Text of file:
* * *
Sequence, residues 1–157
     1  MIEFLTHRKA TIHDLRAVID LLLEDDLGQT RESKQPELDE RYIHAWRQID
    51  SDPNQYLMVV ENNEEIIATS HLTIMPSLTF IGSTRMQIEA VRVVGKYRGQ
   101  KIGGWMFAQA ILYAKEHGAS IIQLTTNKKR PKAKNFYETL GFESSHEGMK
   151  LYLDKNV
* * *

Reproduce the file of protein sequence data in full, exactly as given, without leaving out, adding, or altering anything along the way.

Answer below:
Sequence, residues 1–157
     1  MIEFLTHRKA TIHDLRAVID LLLEDDLGQT RESKQPELDE RYIHAWRQID
    51  SDPNQYLMVV ENNEEIIATS HLTIMPSLTF IGSTRMQIEA VRVVGKYRGQ
   101  KIGGWMFAQA ILYAKEHGAS IIQLTTNKKR PKAKNFYETL GFESSHEGMK
   151  LYLDKNV